For people with mild cognitive impairment, the days of “there’s not much we can do for you” are over.
There’s a lot they can do for you, and there’s a lot you can do for yourself.
When you put those two things together, the chances of halting or reversing MCI become pretty good.
Which is why I am pleased to announce a new partnership between GoCogno.com and Kemper Cognitive Wellness, a true leader and innovator in the treatment of cognitive impairment.
Kemper is joining up with me as a sponsor of my site, bringing new opportunities for me to serve you, and for both of us to advance our shared mission of helping people with MCI act early and aggressively in defense of their cognition.
Dr. Nate Bergman, chief scientific wellness officer for Kemper, is a leader in emerging treatments for MCI, and he can’t emphasize enough the importance of taking action early.
“The earlier we identify it, the more treatable it is,” Dr. Bergman says. “You can do something for everybody at every stage, but in terms of reversibility or really having a remission of symptoms, it seems that you have to get this earlier. Mild cognitive impairment is a perfect time to be taking major action.”
That is a message I’ve been spreading as well. Given how perfectly my approach aligns with Kemper’s, it did not take us long to find each other and see the potential for both of us to have a greater impact by working together.
Kemper Cognitive Wellness takes an integrative, whole-person approach to brain health. Using genetic, biological and cognitive testing, combined with environmental and lifestyle assessments, Kemper helps people identify and address the often complex factors that impact their memory and cognition.
That commitment to cognitive wellness is a family affair. Kristin Kemper West and Betty Kemper are the co-founders of Kemper Cognitive Wellness and Jenny Kemper serves as director.
“For the Kemper family, this is very personal,” Jenny Kemper says. “My father-in-law was diagnosed about 10 years ago with Alzheimer’s disease, and before that, his mother in the 1980s. Kristin asked herself, ‘Am I next? What about my children?'”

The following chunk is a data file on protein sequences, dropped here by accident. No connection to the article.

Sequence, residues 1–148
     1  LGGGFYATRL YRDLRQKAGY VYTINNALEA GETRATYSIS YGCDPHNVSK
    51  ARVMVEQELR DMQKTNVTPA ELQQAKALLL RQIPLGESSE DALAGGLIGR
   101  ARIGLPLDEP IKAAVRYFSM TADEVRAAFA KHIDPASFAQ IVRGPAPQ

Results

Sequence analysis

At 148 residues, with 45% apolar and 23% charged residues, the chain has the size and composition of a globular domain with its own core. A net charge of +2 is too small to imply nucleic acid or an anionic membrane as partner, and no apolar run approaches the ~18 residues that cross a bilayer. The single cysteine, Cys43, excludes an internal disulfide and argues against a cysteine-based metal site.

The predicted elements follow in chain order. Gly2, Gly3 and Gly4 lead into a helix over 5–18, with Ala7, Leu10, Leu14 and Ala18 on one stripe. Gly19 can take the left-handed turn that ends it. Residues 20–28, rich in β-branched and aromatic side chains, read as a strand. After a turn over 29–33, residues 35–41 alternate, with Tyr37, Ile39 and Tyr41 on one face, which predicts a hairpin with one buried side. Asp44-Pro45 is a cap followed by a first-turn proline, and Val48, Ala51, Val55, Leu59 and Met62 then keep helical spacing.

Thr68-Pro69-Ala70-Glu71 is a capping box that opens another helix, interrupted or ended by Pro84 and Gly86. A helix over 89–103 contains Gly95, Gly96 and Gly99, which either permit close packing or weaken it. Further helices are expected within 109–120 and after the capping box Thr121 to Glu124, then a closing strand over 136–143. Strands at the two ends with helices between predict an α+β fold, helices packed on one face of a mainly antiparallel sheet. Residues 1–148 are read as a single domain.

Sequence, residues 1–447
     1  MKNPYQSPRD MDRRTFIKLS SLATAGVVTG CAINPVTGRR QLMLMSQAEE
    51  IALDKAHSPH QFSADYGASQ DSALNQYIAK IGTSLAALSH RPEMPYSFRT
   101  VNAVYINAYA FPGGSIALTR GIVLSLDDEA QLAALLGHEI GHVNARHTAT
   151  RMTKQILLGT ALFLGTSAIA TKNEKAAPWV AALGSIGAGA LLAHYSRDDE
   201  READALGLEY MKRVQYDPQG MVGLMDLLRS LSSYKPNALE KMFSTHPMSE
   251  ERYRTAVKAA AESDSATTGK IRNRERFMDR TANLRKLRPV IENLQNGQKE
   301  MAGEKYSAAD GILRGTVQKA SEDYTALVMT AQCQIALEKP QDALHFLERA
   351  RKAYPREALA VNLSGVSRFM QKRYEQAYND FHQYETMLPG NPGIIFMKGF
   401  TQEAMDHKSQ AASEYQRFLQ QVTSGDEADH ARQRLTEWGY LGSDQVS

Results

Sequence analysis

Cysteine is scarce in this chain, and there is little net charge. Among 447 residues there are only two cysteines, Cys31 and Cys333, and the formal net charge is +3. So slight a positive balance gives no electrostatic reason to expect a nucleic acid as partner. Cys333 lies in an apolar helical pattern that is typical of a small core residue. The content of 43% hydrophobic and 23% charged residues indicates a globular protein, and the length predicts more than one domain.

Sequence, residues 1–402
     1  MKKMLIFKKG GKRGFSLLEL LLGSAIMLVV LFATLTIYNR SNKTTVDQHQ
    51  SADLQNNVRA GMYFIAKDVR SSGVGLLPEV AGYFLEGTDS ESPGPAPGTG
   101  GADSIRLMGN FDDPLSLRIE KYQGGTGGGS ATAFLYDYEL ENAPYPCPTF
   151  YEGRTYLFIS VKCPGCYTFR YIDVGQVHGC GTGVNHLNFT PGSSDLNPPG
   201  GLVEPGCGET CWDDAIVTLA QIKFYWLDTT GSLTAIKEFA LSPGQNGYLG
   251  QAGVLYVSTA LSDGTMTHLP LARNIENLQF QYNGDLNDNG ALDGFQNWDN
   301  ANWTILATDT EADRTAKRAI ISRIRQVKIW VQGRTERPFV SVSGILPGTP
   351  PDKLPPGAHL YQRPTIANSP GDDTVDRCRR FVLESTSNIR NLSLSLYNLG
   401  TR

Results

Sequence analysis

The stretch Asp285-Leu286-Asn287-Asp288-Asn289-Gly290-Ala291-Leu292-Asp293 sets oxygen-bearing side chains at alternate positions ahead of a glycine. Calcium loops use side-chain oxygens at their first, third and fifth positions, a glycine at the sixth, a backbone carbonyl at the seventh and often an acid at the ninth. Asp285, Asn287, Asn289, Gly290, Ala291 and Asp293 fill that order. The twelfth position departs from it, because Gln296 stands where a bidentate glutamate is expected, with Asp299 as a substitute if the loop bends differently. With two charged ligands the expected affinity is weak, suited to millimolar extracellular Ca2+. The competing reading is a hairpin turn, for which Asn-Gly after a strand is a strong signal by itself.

Jenny Kemper says the family saw answers in the latest research by Dr. Dale Bredesen and others, who are demonstrating that a combination of health behavior change and individualized, precision medicine can potentially prevent dementia, particularly when applied at the earliest stages of cognitive decline. That led Kristin and Betty to launch Kemper Cognitive Wellness in 2018.
“We’re working hard together to really change the face of what it means to have a diagnosis of cognitive impairment — whether it’s Alzheimer’s dementia or mild cognitive impairment — and really help people to live well and to push back against the disease,” Jenny Kemper says.
In 2019, Dr. Bergman joined Kemper, coming from the Cleveland Clinic Center for Functional Medicine, where he co-developed their program for cognitive impairment.
Dr. Bergman is among an emerging cadre of practitioners who dare to say that Alzheimer’s is preventable. Very recent scientific evidence shows it’s possible, as do the results that Dr. Bergman and his colleagues are seeing with their patients.
“It no longer makes sense to wait around for what many of us thought was inevitable — Alzheimer’s disease,” Dr. Bergman says. “There’s still a belief to some degree that there’s nothing you can do. However, since 2018, things are changing.”
Prior to that, he says, you could get “essentially laughed off the stage” for even suggesting that dementia is preventable.